A hypothetical conversation between Red Auerbach and Dwight Howard in the summer of 1988:
“Look at the history of our organization, kid,” he said. “We've won 16 of the last 30 NBA titles. We won in the 60's, in the 70's, and the 80's. No franchise, not even those guys out in Hollywood can match what we've done here in Boston. We've always won, and you can be part of it.”
Every word of it true, and totally useless for the next 20 years when the Celtics were irrelevant.
It's a pitch not unlike the one the Lakers will make Tuesday to Dwight Howard. Stay here, because we've always won. We have always found a way. The Rockets can put Yao Ming on Skype, but haven't been out of the first round since '97. We've missed the playoffs twice since you were born. The Mavs have one title. Atlanta? Golden State? These are teams hanging division title banners.
All true, and if Howard's job was to pick the franchise with the best pedigree, his decision wouldn't require a 24-hour siege of television and Twitter.
But it's not. Take Dwight at his word, and this is about where he, entering the prime of his career, can go and have the best opportunity to win. And for all the the banners, retired jerseys, sex appeal, and gravitas, the Lakers have a rebuild coming, whether Howard hangs around or not. It's unavoidable. Past performance may add credibility, but does not guarantee future results, and none of that past performance came in the NBA's brave new post-CBA world.
Right now, the Rockets have a much better chance to compete for a title with Howard than the Lakers. So would the Warriors, assuming they're not gutted by the process of acquiring him. There's really no debate. The Lakers have cap space coming up after next season, but had no first round pick in this year's draft and have only one in the next two. They have viable trade asset (Pau Gasol) to try and get the stuff teams almost always need to build a contender. Particularly with the new CBA rules.
The Lakers will undoubtedly be aggressive with their cap space next summer, and in any summer they have it. If LeBron is available, they'll be players. But after James, the list of available UFAs is pretty dicey, and building a team through free agency under the new CBA is about the most difficult and inefficient way to do it. Ultimately, you need young talent and assets, either to put out on the floor or trade for other pieces. The Lakers have little access to either.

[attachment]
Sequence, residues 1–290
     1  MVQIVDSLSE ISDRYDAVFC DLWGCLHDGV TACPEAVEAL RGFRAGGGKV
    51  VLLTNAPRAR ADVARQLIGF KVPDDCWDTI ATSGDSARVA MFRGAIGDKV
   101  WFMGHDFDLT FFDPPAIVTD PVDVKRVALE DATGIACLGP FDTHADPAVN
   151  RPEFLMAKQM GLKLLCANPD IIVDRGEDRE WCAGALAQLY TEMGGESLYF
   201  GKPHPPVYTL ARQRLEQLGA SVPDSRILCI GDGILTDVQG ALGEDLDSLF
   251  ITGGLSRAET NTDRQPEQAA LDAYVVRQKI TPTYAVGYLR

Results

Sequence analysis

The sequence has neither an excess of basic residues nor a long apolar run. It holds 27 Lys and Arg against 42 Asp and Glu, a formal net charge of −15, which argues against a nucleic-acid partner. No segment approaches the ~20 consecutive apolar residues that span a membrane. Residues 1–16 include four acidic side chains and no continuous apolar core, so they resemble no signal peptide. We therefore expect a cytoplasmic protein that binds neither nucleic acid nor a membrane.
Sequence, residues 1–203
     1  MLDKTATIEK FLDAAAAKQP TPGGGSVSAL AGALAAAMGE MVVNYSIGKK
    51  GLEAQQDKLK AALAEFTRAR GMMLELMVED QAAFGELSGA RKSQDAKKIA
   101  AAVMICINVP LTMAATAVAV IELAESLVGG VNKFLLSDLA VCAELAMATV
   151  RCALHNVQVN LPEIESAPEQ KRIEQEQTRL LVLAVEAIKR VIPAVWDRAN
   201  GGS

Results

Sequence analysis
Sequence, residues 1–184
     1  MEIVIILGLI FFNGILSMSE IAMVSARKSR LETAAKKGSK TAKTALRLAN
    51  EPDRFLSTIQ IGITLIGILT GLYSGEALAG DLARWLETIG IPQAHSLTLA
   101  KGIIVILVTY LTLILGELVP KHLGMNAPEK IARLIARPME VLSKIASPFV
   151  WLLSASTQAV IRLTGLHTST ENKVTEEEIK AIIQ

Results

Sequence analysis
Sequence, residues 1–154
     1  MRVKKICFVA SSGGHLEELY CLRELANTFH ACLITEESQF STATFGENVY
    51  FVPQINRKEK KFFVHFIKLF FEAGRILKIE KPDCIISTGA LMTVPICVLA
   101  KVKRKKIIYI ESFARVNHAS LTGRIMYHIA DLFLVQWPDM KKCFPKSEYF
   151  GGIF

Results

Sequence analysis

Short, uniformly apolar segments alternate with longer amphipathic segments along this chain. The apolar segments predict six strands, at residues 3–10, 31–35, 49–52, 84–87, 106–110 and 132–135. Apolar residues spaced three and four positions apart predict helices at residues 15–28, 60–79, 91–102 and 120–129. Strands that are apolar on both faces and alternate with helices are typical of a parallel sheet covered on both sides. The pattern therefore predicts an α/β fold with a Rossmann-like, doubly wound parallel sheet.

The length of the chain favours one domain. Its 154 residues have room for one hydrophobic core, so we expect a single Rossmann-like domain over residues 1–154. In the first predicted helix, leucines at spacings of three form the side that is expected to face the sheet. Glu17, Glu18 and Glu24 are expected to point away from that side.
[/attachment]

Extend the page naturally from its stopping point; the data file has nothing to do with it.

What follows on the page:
Los Angeles will always present some attractive advantages for professional athletes, starting with the ability to leave practice and sit by the water in shorts in the middle of February. The Lakers, with their multi-billion dollar TV deal, will always have money to spend. But all those other ancillary benefits — Endorsements! Commercials! Movies! Premier tables at The Ivy! — haven't been the monopoly of huge markets for years. LeBron had no problem finding endorsements in Cleveland. Dwight Howard cut 18 zillion commercials a year playing in Orlando. You know, back when people liked him. Warner Brothers tracked down Kevin Durant in Oklahoma City to make “Thunderstruck.”
Short of wearing shorts in February or lunching every day at The Ivy, there's not much Howard can do in L.A. that he can't do in Houston. And he can eat wherever he wants, including Los Angeles, in the offseason.
Which is why all those Stay Dwight billboards the Lakers posted around town were smart. It recognizes that the feeling of so many fans and media in L.A. — any player worth his salt should be tripping over himself to stay here — isn't' the feeling of the organization. It's not a classically Lakers thing to do, but recognizes the reality shift. The brand in and of itself isn't enough to sell players. The end of this type of Lakers Exceptionalism is something we've talked about, and others (like SB Nation's Tom Ziller in that there link) have hit on in different forms going back a while now, though not everyone has been open to recognizing it.
It means the Lakers can't just sell the past to reassure Dwight about the future. It has to be about what's coming. I'm not some doomsday type saying the Lakers will never win again. They will always spend money when they can, they'll always try to put a winning product on the floor. But all teams, even the Lakers, have life cycles. Even more so under the new rules. And there, the Lakers are at a distinct disadvantage. In any non-LeBron-comes-to-L.A. scenario, the Lakers are at least a couple years away from serious title contention. There's uncertainty in the front office, tension with the coach, and questions about how long the iconic, dominant star player is hanging around. “Trust us because it always works out here,” basically the thrust of what Kobe Bryant said to Lakers.com, requires faith Howard hasn't had time to build.
Still, Dwight might be sold. This is hardly the worst place on the planet to ply one's trade on a basketball court, after all. But ironically, they'll likely be in a better spot to recruit Howard the next time he's up for a contract, should he leave for a four year deal somewhere else.
Unfortunately, the Lakers have to do it now, and timing is everything.